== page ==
Yet for all Addepar's advances on the front-end, the back-end data management remained a difficult manual process.

No 'operational lift'

"I really thought I was going to get more operational lift but they mostly just solved for calculations and display," says Doug Fritz, who helped First Republic to choose Addepar software for its RIA a couple years ago when he was chief technology officer at the company. Fritz now runs his own wealth management  consulting business, F2 Strategy, from Tiburon, Calif. 

"We didn't get the operational lift we expected. It was a big pain point of sharing [alternative investments] data, almost by snail mail." See: Addepar lays out world-fixing vision and rolls out upgrades at swanky The Battery event in San Francisco.

Sam Hocking: You can't solve every problem in a short few years but we solved some difficult problems

Help is on the way, according to Sam Hocking, founder and CEO of AltX.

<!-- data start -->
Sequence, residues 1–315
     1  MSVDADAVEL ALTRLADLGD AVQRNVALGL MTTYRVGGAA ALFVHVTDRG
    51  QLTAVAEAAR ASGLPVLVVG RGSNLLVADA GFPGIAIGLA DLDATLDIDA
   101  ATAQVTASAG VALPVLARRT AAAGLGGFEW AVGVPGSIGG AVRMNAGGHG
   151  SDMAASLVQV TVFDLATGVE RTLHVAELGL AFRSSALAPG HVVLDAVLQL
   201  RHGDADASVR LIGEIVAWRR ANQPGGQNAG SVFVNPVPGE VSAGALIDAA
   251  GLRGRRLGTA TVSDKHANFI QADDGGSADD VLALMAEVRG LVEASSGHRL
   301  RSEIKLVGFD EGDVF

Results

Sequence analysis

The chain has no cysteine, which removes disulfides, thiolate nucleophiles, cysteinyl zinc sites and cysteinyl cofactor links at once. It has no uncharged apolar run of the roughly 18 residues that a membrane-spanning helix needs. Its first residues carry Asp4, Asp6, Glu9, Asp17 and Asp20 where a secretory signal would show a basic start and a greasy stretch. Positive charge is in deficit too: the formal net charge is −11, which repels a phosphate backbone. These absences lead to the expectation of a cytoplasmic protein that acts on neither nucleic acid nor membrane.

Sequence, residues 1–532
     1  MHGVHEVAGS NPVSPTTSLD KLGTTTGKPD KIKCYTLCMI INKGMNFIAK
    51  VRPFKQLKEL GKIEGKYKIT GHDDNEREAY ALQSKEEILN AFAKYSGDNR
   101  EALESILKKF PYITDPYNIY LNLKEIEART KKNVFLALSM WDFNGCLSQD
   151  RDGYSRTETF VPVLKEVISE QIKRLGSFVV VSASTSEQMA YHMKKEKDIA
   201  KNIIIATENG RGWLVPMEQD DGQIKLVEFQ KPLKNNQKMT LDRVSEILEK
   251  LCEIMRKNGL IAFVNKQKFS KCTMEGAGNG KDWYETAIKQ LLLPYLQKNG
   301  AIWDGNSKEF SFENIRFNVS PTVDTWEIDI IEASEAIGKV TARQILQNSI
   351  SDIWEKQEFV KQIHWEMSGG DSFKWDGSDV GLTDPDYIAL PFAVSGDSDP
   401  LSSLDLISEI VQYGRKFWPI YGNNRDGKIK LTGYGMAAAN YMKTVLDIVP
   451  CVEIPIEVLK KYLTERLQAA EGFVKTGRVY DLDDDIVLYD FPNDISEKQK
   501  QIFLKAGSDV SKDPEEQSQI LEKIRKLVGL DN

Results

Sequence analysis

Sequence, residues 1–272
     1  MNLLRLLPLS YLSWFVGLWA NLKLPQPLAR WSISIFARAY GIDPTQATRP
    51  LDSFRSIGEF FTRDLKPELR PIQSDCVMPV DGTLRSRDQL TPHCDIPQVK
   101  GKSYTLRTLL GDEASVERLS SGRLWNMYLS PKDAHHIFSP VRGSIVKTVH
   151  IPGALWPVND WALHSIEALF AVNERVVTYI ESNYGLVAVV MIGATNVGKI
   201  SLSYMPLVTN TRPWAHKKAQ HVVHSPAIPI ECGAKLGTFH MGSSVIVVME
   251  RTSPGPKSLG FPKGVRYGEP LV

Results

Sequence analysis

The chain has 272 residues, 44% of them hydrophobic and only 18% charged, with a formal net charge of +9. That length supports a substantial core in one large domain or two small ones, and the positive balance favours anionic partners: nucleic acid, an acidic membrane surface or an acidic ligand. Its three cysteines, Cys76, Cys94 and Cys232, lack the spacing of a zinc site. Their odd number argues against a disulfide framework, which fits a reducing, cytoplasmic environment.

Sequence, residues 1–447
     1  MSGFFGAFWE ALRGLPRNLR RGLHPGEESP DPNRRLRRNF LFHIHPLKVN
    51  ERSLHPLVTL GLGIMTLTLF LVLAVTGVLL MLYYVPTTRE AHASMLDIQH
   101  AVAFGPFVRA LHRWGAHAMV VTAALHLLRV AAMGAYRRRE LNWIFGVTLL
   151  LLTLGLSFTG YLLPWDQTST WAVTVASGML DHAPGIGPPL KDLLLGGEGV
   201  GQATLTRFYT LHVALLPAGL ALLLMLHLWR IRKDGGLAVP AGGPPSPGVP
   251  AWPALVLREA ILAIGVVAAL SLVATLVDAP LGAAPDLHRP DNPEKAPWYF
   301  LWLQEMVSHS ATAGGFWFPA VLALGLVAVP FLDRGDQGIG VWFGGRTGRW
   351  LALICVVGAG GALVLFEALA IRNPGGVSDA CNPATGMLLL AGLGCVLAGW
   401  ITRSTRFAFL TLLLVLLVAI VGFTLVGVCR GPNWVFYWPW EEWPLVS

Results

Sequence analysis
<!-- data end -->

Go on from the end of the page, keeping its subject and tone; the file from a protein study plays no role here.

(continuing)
"I think he's going to be very pleased," he says. "You can't solve every problem in a short few years but we solved some difficult problems. Others are there for us to go after."

The state-of-the-art alternative investments data can only get better, says Bill Winterberg, principal of FPPad.com, an Atlanta-based technology consultancy, in an email.

"Data on alts is notorious for creating challenges in any portfolio reporting system; transactions are sporadic, pricing and quotes are often subjective, and risk attributes of the underlying assets are anyone's guess," he writes. "That, essentially, describes the 'nothing' state of reporting on alternatives." See: With Addepar muscling in, original UHNW software force PCR hires new CEO, triples engineering staff, kills off asset-based pricing and seeks more RIAs.